Five Complaints Hanuman Could Have Lodged But Didn’t

[Shri Hanuman]“How can I ensure that the purpose of my task does not get destroyed? How shall I avoid mental disparity, and how do I ensure that my crossing of the ocean does not go for naught?” (Hanuman, Valmiki Ramayana, Sundara Kand, 2.41)

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It’s only natural to start pointing the finger when you get into a tough spot. There is the strange psychological phenomenon of looking for a factor to ease the pain of bad news. For instance, if someone loses their life from a car crash, if it is learned that they were driving under the influence of alcohol, the news isn’t considered as sad. Never mind the fact that the person suffered all the same. The fault at the individual level assuages some of the grief.

A long time ago Shri Hanuman found himself in an incredibly difficult situation. In an unknown land, searching for a person unknown to him, without any outside help, he had to continue ahead. He was completely invested in the outcome of the mission. Failure was not an option.

Who would be able to withstand such pressure? Many years into the future his brother Bhima would one time carry his four brothers and his mother away from danger and into safety. Both Bhima and Hanuman are sons of the wind-god, so they are extremely powerful. But what normal person can handle such a great burden?

Hanuman had every right to complain about different aspects of the situation. The fact that he didn’t only further increases his glories, as today he is known as the greatest servant of the Supreme Lord in the incarnation of Shri Rama.

1. Why did Sita have to insult Lakshmana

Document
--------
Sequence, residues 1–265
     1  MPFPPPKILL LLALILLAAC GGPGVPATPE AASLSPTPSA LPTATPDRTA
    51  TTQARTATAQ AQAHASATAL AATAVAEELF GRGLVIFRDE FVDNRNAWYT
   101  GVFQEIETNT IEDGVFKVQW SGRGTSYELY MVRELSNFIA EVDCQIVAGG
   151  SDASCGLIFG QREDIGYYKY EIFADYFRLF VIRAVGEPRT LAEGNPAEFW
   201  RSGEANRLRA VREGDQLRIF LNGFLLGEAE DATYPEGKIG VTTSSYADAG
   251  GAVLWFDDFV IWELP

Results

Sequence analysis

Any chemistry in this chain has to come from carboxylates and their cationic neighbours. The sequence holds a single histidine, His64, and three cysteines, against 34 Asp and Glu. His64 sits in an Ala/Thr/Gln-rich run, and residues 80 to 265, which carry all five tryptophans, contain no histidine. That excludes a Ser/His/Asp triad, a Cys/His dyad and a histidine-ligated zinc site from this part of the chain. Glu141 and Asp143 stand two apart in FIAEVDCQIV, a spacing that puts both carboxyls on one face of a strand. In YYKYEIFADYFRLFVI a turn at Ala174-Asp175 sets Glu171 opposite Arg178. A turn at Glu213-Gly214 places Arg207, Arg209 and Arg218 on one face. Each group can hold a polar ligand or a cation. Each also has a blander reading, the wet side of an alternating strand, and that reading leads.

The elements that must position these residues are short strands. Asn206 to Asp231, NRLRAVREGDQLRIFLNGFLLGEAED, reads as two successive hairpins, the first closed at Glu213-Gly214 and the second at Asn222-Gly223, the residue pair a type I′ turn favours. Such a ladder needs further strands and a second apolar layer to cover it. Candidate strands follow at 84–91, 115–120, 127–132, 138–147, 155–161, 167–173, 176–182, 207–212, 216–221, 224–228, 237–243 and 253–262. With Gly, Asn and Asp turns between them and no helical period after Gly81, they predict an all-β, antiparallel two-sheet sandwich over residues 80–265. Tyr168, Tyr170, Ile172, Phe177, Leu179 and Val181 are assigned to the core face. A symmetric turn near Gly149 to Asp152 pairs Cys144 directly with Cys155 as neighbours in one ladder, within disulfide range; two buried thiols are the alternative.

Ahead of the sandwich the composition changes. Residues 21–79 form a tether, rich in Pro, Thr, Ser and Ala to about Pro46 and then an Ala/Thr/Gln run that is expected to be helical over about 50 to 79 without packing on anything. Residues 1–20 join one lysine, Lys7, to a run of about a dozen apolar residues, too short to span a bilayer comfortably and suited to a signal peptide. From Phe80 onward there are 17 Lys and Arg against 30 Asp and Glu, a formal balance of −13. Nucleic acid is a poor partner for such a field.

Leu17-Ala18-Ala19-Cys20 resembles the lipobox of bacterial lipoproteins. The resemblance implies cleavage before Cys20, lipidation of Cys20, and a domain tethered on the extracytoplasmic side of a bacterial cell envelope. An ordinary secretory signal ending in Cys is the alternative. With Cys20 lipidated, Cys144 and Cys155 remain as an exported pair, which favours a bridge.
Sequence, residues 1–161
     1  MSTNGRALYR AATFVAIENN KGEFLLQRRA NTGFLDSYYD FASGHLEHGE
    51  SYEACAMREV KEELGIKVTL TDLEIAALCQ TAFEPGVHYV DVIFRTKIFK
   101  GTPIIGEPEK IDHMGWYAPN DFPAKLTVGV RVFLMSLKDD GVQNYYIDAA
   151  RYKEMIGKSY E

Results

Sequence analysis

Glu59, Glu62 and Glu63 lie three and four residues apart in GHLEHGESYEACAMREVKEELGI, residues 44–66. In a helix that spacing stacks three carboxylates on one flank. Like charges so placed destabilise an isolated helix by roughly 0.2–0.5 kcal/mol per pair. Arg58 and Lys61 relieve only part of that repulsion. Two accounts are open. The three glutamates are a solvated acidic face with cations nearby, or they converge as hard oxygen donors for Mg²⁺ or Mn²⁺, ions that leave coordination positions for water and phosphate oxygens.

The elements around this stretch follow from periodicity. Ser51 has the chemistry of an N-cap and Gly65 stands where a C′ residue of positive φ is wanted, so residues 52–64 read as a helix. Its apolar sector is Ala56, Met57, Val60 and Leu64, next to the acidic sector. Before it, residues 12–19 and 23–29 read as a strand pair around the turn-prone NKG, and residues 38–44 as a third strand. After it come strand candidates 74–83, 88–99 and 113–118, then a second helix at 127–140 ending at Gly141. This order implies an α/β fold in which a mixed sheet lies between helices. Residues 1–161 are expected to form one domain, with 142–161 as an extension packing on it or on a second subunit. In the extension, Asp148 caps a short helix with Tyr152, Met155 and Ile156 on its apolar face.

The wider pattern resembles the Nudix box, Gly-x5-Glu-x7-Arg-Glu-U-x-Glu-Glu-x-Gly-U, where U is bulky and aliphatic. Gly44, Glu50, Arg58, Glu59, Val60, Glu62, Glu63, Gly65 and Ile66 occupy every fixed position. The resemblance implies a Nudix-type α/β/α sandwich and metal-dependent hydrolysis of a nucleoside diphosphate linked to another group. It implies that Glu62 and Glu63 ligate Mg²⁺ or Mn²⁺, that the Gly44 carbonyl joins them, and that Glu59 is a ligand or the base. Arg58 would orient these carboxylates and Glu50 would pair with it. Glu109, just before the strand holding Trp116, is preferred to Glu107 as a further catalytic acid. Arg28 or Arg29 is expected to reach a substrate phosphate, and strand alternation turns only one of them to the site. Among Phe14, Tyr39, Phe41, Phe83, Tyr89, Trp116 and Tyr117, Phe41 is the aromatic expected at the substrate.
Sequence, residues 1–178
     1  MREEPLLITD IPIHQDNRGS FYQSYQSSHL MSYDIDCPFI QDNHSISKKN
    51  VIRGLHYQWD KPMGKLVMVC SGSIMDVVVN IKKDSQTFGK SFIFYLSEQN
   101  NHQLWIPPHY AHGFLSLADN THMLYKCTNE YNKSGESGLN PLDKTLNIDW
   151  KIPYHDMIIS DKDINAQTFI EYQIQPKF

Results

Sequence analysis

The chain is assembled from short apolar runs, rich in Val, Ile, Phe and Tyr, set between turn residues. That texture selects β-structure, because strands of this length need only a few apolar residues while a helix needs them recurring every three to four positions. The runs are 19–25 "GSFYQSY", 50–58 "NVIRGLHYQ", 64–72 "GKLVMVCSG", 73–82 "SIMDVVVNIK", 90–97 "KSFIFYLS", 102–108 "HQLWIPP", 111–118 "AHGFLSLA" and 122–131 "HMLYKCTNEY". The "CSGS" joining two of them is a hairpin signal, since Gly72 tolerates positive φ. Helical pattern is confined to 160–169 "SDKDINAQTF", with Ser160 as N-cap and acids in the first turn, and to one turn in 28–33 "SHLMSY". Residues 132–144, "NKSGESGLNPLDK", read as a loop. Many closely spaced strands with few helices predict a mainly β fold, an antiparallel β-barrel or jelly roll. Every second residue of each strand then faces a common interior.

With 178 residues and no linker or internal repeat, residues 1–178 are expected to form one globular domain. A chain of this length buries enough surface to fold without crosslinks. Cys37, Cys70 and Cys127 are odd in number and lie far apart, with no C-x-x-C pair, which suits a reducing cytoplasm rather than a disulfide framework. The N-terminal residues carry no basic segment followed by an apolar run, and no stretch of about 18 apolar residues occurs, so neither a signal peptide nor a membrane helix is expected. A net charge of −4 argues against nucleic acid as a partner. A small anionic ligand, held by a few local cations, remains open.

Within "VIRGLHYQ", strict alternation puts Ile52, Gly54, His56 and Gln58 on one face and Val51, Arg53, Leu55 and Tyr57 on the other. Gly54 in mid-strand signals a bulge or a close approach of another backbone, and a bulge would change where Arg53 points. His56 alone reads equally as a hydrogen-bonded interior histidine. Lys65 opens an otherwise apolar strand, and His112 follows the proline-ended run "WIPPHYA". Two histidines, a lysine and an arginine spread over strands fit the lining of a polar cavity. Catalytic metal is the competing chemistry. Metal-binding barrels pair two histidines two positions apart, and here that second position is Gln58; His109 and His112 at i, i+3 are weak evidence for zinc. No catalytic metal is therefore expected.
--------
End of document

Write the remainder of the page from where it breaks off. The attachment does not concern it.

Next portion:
Hanuman was looking for Sita, the wife of Shri Rama. The husband and wife were living together peacefully and happily in the forest of Dandaka. That was only the case due to the nature of the two individuals. They were otherwise from royalty; accustomed to the good life. They could be happy in the wilderness because Rama is God Himself, and Sita the eternal consort. Sita is happy as long as Rama is by her side, and Rama is atmarama, or self-satisfied.

Rama’s younger brother Lakshmana was there with them, and one day things took a turn for the worse. The king of Lanka, though boasting of his tremendous fighting prowess to anyone he met, decided to use trickery to steal the woman he lusted after. First came Ravana’s assistant Maricha, assuming the false guise of a deer. Sita saw the deer and asked Rama to bring it for her, preferably alive.

Rama chased after the deer and instructed Lakshmana to keep guard of Sita. Maricha then used his mystic power again, crying out in the voice of Rama that he needed help. Lakshmana wasn’t fooled by the voice, but Sita became extremely worried. She told Lakshmana to go check on Rama. He refused, and so Sita began insulting him. She took what was most important to Lakshmana, his devotion to Rama, and broke it apart through harsh words.

2. Why did Lakshmana have to leave Sita’s side

After enough time the insults worked. Lakshmana left Sita’s side to go check on Rama. This left her vulnerable to Ravana, who first approached the couple’s cottage dressed as a wandering ascetic, parivrajaka. He quickly lost that form, showing his hideous, Rakshasa self. He then took Sita onto the aerial car by force and took her back to Lanka.